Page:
About Zsolnay

Zsolnay Factory was founded in 1853 by Miklós Zsolnay for his son Ignác, who launched the production of ceramic products using the assets purchased from a bankrupt plant in the nearby village of Lukafa as well as local raw materials.

A decade later, Miklós Zsolnay’s other son, Vilmos, took over the management of the factory, thus beginning the unprecedented success story of Hungarian applied arts.

The products of the Factory gained international recognition for the first time at the Vienna World’s Fair in 1873, which led to several significant orders from England, France, Russia and the United States. The Grand Prize (Grand Prix) won at the Paris World’s Fair in 1878 brought him real world fame, but the artistic works of Vilmos Zsolnay’s factory were awarded with numerous other awards worldwide even after that.

As one of the pioneers of the ceramic industry of the end of the nineteenth century, Vilmos Zsolnay developed new, unique techniques for the products of his company. The first of them was the “Zsolnay’s” porcelain faience. The surfaces, decorated on bone-coloured base glaze fired over a high fire gettin coloured glazes and rich gilding, spectacularly conveyed the beauty of painted porcelain, and since it was applied on a ceramic base, the technique allowed for a much broader use of colours.

In 1896, at the Millennium National Exhibition, the factory presented its most beautiful creations, which were already made using the special metal luster glazing technique called eosin. This method was developed by Vilmos Zsolnay with the help of chemist Vince Wartha. The essence of the procedure is that the already fired base glazed object was covered with clay paste containing metal oxides, which allowed the reducing metal compounds to penetrate into the layer of the base glaze during re-firing, and formed a durable iridescent coating of various different colours.

Vilmos Zsolnay himself received numerous awards and honors for his efforts as an artist. In 1896 he was awarded the Order of Franz Joseph, and the city of Pécs made him an honorary citizen.

After the death of Vilmos Zsolnay in 1900, his son Miklós Zsolnay took over the family’s world-renowned factory. Art Nouveau, which was very popular at that time, became the defining style of the era, and the imagination and creativity of the young artists of the Factory developed in unprecedented abundance. The rise of the production of architectural ceramics also brought significant results. During large public constructions, cladding or decorative elements made in the factory were widely used throughout the country.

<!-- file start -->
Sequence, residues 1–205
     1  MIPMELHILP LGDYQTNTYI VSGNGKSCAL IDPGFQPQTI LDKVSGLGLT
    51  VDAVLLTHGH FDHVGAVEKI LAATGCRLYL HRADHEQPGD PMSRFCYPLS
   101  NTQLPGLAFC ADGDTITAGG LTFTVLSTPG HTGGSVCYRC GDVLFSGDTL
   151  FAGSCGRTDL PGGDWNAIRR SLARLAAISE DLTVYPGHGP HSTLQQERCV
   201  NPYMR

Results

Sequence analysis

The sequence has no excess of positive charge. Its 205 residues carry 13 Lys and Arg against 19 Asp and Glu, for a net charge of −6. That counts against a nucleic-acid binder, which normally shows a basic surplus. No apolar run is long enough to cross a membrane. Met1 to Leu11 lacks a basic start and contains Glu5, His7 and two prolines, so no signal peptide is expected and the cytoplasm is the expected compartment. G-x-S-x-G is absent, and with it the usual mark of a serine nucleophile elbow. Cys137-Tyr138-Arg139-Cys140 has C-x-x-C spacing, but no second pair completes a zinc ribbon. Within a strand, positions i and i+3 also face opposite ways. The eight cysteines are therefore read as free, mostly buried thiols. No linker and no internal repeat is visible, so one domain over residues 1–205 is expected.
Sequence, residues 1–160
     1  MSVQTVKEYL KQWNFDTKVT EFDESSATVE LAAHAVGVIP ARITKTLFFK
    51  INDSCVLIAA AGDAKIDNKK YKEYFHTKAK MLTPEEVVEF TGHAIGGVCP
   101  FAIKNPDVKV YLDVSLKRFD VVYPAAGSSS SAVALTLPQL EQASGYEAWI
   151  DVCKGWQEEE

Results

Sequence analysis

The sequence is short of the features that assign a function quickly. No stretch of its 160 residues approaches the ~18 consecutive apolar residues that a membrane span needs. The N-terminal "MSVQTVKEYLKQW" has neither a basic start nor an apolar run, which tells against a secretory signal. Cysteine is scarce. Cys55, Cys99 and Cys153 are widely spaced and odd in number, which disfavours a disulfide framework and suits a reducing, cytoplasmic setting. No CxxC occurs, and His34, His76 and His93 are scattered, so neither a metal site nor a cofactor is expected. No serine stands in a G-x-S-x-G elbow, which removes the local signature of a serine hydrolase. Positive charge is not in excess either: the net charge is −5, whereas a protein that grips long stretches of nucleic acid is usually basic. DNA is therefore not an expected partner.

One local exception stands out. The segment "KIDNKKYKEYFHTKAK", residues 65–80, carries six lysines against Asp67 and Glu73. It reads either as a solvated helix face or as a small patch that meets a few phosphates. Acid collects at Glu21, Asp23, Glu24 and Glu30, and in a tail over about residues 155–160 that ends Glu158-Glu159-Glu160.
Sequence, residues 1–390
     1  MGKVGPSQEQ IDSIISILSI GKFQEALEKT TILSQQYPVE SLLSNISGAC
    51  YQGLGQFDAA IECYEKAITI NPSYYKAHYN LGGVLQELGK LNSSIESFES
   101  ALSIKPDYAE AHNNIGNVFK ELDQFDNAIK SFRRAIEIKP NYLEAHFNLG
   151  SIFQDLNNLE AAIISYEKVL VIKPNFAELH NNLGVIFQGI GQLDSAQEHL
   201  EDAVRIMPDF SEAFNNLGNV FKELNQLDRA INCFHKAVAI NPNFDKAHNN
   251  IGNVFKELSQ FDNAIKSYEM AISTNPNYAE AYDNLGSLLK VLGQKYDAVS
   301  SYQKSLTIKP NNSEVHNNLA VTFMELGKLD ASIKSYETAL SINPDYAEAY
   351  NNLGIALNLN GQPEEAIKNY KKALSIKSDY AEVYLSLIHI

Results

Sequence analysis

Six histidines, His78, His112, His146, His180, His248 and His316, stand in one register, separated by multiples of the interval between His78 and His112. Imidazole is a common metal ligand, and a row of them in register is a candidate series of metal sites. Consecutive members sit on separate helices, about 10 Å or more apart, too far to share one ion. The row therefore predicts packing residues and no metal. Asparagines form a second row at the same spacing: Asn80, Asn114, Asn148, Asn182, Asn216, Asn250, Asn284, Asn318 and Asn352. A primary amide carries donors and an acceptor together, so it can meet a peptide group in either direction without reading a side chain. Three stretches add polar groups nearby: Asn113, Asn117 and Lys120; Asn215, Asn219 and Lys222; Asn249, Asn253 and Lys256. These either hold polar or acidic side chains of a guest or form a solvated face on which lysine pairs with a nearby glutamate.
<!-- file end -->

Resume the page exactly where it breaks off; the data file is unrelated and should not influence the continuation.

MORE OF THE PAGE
After World War I and the Serbian occupation, the factory faced hard times for decades, but under the leadership of the next generations of the Zsolnay family, it managed to survive even the most critical periods.

The nationalization in 1948 brought about the decline of the production of products with artistic needs. The Zsolnay factory was renamed Pécs Porcelain Factory and its activity was characterized by the production of industrial products. From the 1960s onwards, Hungary’s political and cultural space began to expand, so designer craftsmen could reemerge in the factory, including such renowned artists as Victor Vasarely or Éva Zeisel. The factory regained its original name, artistic ornaments meeting the requirements of modernist trends of the time played an important role among its products, and the special techniques that established the factory’s world fame were also used again. The production of colourful tiles and architectural ornaments adorning the country’s buildings to this day also started again during this period.

After the change of regime, the factory’s production decreased significantly. At the same time, the Zsolnay Porcelain Manufactory, which is a fraction of the size of previous dimensions, faithfully preserves the production culture introduced by its great predecessors and the special Zsolnay production technologies developed by them.

In the area of the world-famous ceramic factory where production ceased, Zsolnay heritage lives on with new content and a dignified manner on a beautifully renovated 5-hectare area. A total of 15 protected monumental buildings and 88 public Zsolnay statues adorn the picturesque parks and promenades. Every single spot of the Zsolnay Cultural Quarter hides many attractions, not to mention cozy cafes, craft shops and high-quality restaurants.

The Quarter boasts several unique exhibitions presenting the Zsolnay heritage. The collection of dr. László Gyugyi returned from America, the exhibition of 710 ceramic objects is entitled The Golden Age of Zsolnay. The earliest Zsolnay products for everyday use are presented in the 1200-item Pink Zsolnay Exhibition created by Barnabás Winkler. These two are complemented by the Zsolnay Family and Factory History Exhibition. On the hill close to the Zsolnay Cultural Quarter, the Zsolnay Mausoleum, the resting place of the Zsolnay family, can be seen in its original splendor, where 42 lions guard the secret of eosin.